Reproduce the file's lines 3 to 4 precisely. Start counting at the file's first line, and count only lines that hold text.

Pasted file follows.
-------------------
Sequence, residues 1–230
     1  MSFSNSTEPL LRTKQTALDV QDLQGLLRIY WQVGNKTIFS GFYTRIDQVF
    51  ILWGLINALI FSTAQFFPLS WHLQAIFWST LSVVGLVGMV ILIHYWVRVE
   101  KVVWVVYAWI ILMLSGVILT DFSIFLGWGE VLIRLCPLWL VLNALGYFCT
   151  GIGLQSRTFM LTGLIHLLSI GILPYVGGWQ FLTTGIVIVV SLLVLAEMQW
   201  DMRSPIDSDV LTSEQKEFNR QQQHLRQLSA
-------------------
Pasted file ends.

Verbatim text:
    51  ILWGLINALI FSTAQFFPLS WHLQAIFWST LSVVGLVGMV ILIHYWVRVE
   101  KVVWVVYAWI ILMLSGVILT DFSIFLGWGE VLIRLCPLWL VLNALGYFCT